FWIW
I'd avoid flash unless the position is fixed - it can be quite "variable" and difficult to control if hand-held . . . .also, the shadows it creates are less than flattering.
Have you considered the background? - will it be out-of-focus, to make your box nice and sharp?

Cheers
 

grahamricho

Active Member
Hi thanks the background will be a brick wall which the lightboxes which I'm selling will be hung on before I take the photos
 

grahamricho

Active Member
Yes a blurry background would be good but the boxes will be attached to the wall so it may be hard to achieve since no depth behind the boxes?
 

snerkler

Member
Hi, am I understanding you are photographing the Light-boxes you are selling?
Modern cameras are very forgiving about exposure, but if the idea is to underexpose to show how even the lighting is... the easiest thing to do is to alter the cameras exposure. Somewhere in the menu there will be an exposure scale that allows a stop or two either side of "normal" - which is for a "typical scene" - despite mfrs claims there isn't yet an intelligence that knows what result you want = beforehand.{/quote]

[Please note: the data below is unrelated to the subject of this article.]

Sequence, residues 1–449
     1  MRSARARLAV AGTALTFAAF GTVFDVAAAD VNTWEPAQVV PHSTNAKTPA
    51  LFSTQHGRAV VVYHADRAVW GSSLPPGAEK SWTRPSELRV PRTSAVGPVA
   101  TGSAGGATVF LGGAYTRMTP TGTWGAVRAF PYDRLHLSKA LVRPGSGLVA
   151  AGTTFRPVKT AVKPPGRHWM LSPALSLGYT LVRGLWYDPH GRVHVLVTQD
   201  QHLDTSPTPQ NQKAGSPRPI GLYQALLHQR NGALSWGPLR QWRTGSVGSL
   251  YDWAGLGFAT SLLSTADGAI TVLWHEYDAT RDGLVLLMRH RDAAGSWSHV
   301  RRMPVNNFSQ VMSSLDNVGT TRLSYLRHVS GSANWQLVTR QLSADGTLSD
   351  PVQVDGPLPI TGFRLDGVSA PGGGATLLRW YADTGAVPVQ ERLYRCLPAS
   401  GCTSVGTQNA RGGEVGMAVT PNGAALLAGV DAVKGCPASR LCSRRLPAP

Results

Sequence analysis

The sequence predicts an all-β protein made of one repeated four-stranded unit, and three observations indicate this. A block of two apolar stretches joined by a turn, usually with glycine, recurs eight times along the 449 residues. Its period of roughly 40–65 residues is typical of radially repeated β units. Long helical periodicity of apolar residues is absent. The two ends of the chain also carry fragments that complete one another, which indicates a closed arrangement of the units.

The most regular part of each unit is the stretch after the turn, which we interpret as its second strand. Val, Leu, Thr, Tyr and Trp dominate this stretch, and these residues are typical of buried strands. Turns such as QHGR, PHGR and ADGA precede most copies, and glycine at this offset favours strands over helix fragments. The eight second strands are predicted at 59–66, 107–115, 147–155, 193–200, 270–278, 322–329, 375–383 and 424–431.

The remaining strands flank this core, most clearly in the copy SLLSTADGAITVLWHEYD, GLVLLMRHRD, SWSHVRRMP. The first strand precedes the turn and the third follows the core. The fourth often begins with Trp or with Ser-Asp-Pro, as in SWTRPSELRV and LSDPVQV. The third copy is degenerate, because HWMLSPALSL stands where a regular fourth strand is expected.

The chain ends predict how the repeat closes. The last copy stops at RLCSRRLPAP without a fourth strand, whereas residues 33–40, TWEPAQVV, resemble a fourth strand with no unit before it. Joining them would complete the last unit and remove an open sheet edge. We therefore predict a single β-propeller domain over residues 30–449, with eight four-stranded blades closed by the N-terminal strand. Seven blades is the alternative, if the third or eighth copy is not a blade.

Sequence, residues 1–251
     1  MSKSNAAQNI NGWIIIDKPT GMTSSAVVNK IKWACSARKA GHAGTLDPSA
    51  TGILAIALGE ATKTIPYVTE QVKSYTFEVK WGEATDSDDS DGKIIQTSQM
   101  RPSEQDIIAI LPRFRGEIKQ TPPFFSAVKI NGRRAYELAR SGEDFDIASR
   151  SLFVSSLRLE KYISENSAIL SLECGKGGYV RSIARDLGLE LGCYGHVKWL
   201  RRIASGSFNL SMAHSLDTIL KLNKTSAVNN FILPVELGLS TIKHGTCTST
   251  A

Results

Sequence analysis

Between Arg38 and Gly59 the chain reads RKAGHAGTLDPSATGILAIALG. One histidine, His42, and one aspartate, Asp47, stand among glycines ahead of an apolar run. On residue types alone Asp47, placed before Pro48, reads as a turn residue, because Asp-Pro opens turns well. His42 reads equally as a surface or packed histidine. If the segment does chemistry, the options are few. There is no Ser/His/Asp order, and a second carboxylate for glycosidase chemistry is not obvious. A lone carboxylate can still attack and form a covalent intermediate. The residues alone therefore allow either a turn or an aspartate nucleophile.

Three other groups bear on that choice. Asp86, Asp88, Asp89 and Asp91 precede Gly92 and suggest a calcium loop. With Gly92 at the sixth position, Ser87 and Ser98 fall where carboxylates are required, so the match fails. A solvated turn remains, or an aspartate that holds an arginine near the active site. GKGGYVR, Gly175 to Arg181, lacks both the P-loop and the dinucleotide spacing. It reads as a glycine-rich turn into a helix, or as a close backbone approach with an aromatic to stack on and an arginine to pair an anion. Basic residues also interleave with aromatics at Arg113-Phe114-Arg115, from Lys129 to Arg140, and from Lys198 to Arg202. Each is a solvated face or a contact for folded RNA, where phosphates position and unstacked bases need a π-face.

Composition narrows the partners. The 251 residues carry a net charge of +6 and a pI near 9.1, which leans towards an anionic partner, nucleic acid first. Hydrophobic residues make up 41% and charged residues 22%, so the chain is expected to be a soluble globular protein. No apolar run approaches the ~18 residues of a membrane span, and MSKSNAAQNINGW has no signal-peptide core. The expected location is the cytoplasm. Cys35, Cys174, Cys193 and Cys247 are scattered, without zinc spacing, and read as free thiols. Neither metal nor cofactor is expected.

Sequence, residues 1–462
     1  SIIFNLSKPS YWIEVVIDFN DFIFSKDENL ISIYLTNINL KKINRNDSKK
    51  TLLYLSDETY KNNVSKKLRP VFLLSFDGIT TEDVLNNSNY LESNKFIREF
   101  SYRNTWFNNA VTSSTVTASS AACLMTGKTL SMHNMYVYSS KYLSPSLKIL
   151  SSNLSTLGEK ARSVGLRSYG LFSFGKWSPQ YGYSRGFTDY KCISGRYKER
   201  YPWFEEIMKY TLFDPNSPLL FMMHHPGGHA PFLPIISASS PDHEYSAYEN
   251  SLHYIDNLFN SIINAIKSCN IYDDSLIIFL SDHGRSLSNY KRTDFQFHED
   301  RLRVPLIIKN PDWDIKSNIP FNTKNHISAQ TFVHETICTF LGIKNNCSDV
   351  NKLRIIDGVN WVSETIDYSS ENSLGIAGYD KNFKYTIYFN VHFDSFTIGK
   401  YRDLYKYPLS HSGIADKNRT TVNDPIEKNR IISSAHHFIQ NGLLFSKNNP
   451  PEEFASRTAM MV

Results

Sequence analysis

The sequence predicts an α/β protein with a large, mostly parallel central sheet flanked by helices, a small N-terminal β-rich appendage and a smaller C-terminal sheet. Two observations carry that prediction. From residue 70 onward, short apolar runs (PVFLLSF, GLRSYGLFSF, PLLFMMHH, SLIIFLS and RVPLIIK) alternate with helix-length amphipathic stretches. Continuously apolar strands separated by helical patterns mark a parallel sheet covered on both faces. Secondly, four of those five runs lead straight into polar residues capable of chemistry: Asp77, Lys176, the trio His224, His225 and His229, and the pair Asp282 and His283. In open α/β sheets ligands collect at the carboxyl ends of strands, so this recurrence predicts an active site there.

I'm assuming you're referring to the camera's light meter which shows the 'correct' exposure, in which case these are usually displayed by default. You are correct in that a camera and/or flash doesn't know what exposure 'you' want, but they do expose the scene 'correctly' in terms of achieving neutral grey, assuming you've metered correctly of course.

There are Neutral Density filters that can range over several stops - but perhaps you can explain the problem better when you've taken a couple of dozen shots ( noting all settings carefully!), and report back.

I'm not sure why you've recommend ND filters for this? All this will do is require more flash power or higher ISO, neither of which are desirable.

I'd avoid flash unless the position is fixed - it can be quite "variable" and difficult to control if hand-held . . . .also, the shadows it creates are less than flattering.
Have you considered the background? - will it be out-of-focus, to make your box nice and sharp?